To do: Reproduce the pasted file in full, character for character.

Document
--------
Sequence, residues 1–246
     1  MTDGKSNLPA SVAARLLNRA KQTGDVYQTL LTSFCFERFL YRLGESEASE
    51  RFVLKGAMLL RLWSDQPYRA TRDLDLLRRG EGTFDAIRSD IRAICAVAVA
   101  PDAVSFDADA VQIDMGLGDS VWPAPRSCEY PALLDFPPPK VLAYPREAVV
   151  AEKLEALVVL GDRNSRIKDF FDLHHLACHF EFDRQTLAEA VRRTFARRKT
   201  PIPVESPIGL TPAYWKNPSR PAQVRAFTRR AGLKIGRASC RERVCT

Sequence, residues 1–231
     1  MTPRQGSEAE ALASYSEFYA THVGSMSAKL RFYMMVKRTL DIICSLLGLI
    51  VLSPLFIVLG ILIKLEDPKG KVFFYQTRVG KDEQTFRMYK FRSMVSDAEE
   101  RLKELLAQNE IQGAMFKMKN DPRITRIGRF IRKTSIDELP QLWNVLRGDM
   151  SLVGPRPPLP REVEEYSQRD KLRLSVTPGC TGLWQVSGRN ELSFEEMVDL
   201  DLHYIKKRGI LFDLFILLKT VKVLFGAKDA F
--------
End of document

Sequence, residues 1–246
     1  MTDGKSNLPA SVAARLLNRA KQTGDVYQTL LTSFCFERFL YRLGESEASE
    51  RFVLKGAMLL RLWSDQPYRA TRDLDLLRRG EGTFDAIRSD IRAICAVAVA
   101  PDAVSFDADA VQIDMGLGDS VWPAPRSCEY PALLDFPPPK VLAYPREAVV
   151  AEKLEALVVL GDRNSRIKDF FDLHHLACHF EFDRQTLAEA VRRTFARRKT
   201  PIPVESPIGL TPAYWKNPSR PAQVRAFTRR AGLKIGRASC RERVCT

Sequence, residues 1–231
     1  MTPRQGSEAE ALASYSEFYA THVGSMSAKL RFYMMVKRTL DIICSLLGLI
    51  VLSPLFIVLG ILIKLEDPKG KVFFYQTRVG KDEQTFRMYK FRSMVSDAEE
   101  RLKELLAQNE IQGAMFKMKN DPRITRIGRF IRKTSIDELP QLWNVLRGDM
   151  SLVGPRPPLP REVEEYSQRD KLRLSVTPGC TGLWQVSGRN ELSFEEMVDL
   201  DLHYIKKRGI LFDLFILLKT VKVLFGAKDA F